P: This is a "sphere of awareness" issue. Divers who go through more and more training start to notice more and more about what's going on around them. Those who are "vigilant types" tend to keep those habits. Those who aren't, get over it. I fall into the former camp. I have a hard time relaxing and really enjoying a "fun dive" unless I know everyone in the water and that they are "good to go." Others' mileage may vary, but that's just how I'm wired. (Having spent years as a lifeguard as a kid, then gone into the military, then worked through SCUBA ratings--spending years as a Divemaster where I was "responsible" for dive safety before finally becoming an instructor.) I've been in the water with people who are absolutely oblivious to everything except whatever they are fiddling with throughout the dive. When you try to talk to these people, they have no idea what you are trying to say to them. They'll completely deny having even touched whatever it was (inflator, mask strap, computer, whatever it is.) All you can do is understand that's what to expect from that person and decide to either 1) Stick to them like glue or 2) Stay as far away from them as possible.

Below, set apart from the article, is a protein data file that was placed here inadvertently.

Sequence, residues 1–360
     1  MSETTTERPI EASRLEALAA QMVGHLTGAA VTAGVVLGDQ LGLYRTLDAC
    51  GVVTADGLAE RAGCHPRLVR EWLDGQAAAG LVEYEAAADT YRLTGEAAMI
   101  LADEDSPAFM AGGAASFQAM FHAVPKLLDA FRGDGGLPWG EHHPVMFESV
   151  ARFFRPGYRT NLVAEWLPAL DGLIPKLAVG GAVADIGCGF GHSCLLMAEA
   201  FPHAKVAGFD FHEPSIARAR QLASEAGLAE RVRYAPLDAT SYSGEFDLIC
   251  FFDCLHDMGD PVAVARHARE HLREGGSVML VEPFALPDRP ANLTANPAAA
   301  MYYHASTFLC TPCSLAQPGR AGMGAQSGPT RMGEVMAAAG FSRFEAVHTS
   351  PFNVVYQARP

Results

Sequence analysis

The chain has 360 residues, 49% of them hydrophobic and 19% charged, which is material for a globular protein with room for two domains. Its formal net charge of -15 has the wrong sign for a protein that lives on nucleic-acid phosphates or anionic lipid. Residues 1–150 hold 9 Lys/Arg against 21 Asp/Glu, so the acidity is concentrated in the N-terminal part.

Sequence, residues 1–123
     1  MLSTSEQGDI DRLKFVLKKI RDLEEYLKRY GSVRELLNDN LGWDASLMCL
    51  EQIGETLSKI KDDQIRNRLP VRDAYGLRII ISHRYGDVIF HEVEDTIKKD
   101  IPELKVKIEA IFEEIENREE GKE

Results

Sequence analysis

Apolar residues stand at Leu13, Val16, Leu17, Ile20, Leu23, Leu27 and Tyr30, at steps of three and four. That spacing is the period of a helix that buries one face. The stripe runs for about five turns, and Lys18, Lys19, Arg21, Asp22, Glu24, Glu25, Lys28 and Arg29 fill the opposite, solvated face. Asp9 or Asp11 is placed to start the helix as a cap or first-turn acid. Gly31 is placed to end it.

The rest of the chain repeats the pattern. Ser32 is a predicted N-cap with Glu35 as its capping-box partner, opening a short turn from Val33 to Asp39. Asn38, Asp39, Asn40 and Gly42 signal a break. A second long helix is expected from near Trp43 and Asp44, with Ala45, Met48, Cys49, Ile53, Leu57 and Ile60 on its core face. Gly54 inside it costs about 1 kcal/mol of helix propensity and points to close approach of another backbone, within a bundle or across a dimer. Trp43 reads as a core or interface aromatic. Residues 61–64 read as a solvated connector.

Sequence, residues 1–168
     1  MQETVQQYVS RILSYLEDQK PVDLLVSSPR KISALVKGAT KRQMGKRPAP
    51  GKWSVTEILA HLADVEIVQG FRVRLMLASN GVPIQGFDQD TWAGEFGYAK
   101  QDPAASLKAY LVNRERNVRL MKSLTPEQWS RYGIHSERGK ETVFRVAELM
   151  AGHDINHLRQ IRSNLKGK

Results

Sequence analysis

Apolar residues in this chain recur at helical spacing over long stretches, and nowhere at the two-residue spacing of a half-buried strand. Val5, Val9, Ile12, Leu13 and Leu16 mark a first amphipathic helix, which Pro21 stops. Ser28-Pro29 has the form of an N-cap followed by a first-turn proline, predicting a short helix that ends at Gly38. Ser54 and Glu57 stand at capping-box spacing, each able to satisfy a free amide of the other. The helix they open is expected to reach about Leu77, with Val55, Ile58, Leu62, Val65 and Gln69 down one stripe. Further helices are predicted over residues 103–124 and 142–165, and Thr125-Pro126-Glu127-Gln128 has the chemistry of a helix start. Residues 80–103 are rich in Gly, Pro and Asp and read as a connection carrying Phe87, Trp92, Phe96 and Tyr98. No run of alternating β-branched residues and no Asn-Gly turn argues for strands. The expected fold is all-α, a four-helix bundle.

2) Panic can impair judgement- Not a new concept but remarkable to witness first hand. -The diver removing the regulator from his mouth several times during ascent

P: Totally! Panic can completely WIPE OUT judgement. This is why "elite" performers of any skill spend so much time practicing. Practice helps tremendously, but bad days can still happen.

3) Task loading under stress- Diver become fixated on unimportant task- Untying a knot during rescue

P: Again, totally! Human nature. Practice helps. But I don't think I've ever seen a group of divers "practice" for an emergency outside of a Rescue course, or a military/commercial setting.